Red tape forces church to stop giving food to homeless

Jerry Gordon and Kimberley Bensted of Nambour are concerned that their much loved Friday night burger service is to be canned due to Workplace, Health and Safety issues.
Jerry Gordon and Kimberley Bensted of Nambour are concerned that their much loved Friday night burger service is to be canned due to Workplace, Health and Safety issues. john mccutcheon

WORKPLACE Health and Safety concerns have forced a service for the homeless on the Sunshine Coast to stop its popular Friday night car park burger barbecues.

Burgers in Nambour, an initiative of Flametree Church, has been feeding those doing it tough for 15 years.

Up to 80 people would gather in the train station car park for a hamburger and to get some bread and donations for the week.

It has provided locals like Kimberley Bensted a needed meal, a social outing, "bread for the week" and warm clothes in winter.

But two weeks ago the church stopped this service to make sure it was compliant with Workplace Health and Safety legislation.

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Senior Pastor Joel Baker said the church was living in a "different day" to when it started 15 years ago.

"Today with the insurance, liabilities, Workplace Health and Safety, food service and all the regulations which come into society, we need to catch up,'' he said.

"In the meantime we have to make sure everyone is safe, credible and accountable."

Mr Baker was optimistic the service would be able to start again "with compliances in place".

Mr Bensted said he had been going to the Friday night service for 13 years to help the money last for the week.

"The bread we get there lasts for a week and during winter they supply scarves and beanies. It's a bit of a social gathering."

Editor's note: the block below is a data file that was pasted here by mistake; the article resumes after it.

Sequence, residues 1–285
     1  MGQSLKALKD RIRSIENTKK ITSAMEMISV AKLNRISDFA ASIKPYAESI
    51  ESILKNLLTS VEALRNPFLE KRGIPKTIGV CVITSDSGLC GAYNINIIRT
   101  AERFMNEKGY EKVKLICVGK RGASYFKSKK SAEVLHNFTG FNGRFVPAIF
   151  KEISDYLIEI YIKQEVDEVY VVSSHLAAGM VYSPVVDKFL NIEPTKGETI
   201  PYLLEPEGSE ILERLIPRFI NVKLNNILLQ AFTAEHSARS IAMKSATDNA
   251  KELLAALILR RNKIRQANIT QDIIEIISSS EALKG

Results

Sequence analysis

DOING IT TOUGH: Homeless man Brendan is one of those who will miss a free Friday night feed.
DOING IT TOUGH: Homeless man Brendan is one of those who will miss a free Friday night feed. Warren Lynam

Dale Dowler, the founder of the Shack, a centre for the homeless, said insurance and compliance issues were bogging down many initiatives which started for a good cause.

And he feared the end of Burgers was only the beginning.

"There are rising costs of insurance and added risks that seem to pop up. You can have a little circumstance that blows out insurance costs,'' Mr Dowler said.

The Shack's insurance policy has escalated from about $2100 when it started 11 years ago to the latest quote of around $6100.

"It's the things you don't see that you have got to be covered for. Someone might spill hot water on themselves, which is really no fault of the service, but you are the one that becomes liable,'' Mr Dowler said.

"We are becoming a nanny state. Some nights they were giving out 80 to 85 burgers.

"It is the sad reality of today's world. My fear is this is going to be the start of more.

"There are more and more stipulations. It reins in people who want to provide wonderful support to people.

"Some people come up with an idea they want to start and then when they hear about the WHS and insurance and everything they have to do, it crushes their dream.

"They don't even get started because there are too many hoops too jump.

"It is the homeless and the marginalised who suffer because of this. They have paid the power bill or rent and need something extra to get them through.''

The Shack receives significant support from the Nambour Aldi store.

"They put aside food and goods for us three days a week," Mr Dowler said.


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